Jenne Hiigel came to San Luis Obispo, CA to go to college and never left. She settled in and planted roots with her husband Chuck, who is a Beer Specialist (yes, that's actually his job title), and raised their three children. Their kids decided they'd had enough of structured schooling by second grade and chose to unschool instead. (But what about socialization?!) Don't worry. They all turned out okay.
A bookkeeper by trade, a writer in the wee hours of the morning, and a reader and doer in any places where spare time might occur. She owned a knitting-spinning-weaving shop for five years in the late 1990s, until it became necessary to have an actual income. She closed her store and got a real job.
Now she wants to eventually phase out her real job and write instead...but that has to wait until the mortgage is paid off, which will hopefully happen before her 70th birthday.
When allowed to pursue knowledge that is of interest to them, and to do so in a manner that works best for them, all children are intelligent, creative, and capable. Humans learn best by being able to follow their passions and interests obsessively. To take a particular topic and have it be one's sole focus, or at least primary focus, until satisfaction with the answers acquired has been achieved. Then we move on to the next topic of interest. Multi-tasking is seriously overrated.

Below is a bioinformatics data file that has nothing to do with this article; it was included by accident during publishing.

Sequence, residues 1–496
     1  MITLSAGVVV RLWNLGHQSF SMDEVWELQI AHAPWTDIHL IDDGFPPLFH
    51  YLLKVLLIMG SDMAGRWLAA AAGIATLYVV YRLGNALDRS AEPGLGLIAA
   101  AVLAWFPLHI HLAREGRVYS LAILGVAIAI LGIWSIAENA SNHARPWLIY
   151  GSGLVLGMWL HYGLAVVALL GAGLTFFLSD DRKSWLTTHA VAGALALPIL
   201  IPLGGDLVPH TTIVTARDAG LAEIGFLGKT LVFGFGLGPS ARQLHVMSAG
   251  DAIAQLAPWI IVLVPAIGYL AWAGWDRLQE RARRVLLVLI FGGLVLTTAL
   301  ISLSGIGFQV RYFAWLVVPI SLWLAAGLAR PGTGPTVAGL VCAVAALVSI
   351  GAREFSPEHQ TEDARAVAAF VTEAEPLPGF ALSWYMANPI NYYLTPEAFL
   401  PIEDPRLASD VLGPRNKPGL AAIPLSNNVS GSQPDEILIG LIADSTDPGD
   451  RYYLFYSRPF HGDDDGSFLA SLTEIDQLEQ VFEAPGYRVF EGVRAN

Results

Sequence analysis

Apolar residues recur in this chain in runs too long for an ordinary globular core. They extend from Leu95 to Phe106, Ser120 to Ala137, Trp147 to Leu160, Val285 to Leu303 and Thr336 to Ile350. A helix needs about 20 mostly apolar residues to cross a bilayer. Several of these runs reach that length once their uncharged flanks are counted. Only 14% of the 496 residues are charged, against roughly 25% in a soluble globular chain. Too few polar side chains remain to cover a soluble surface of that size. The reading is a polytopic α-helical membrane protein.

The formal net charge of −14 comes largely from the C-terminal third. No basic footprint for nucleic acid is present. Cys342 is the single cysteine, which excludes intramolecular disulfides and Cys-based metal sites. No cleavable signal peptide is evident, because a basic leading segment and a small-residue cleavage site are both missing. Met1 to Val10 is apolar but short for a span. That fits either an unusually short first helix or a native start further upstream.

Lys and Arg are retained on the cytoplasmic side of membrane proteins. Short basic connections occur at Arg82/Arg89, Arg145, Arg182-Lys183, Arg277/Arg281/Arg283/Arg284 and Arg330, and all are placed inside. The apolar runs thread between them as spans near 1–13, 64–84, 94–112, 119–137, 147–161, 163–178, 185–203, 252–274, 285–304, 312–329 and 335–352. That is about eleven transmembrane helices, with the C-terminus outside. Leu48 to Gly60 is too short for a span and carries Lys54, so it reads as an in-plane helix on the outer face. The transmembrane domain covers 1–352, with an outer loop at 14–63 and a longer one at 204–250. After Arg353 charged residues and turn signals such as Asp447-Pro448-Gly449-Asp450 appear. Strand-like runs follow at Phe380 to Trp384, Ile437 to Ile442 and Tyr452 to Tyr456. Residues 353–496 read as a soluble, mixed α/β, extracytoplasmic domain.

Everything is connected, which often makes for an interesting and unexpected path of learning. The skills of knitting lead to the plants and animals that provide the fiber, which leads to the medicinal and nutritional benefits of plants and animals in general, which leads to the microscopic lifeforms that are beneficial and enjoyable to humans, which then creates a compelling desire to better connect with our natural world by going out into the world unshod.
Live • Learn • Write • Make
The skills necessary for effective and healthy relationships are universal. Mutual respect, listening, communication, playfulness, loving kindness, adaptation, compromise, setting limits, nutrition, aging, death, grief, change...these are all vital to all relationships. And not just human-to-human interaction. The learning we gain through the animals in our family are just as valuable, and just as relevant, to all other areas of our life.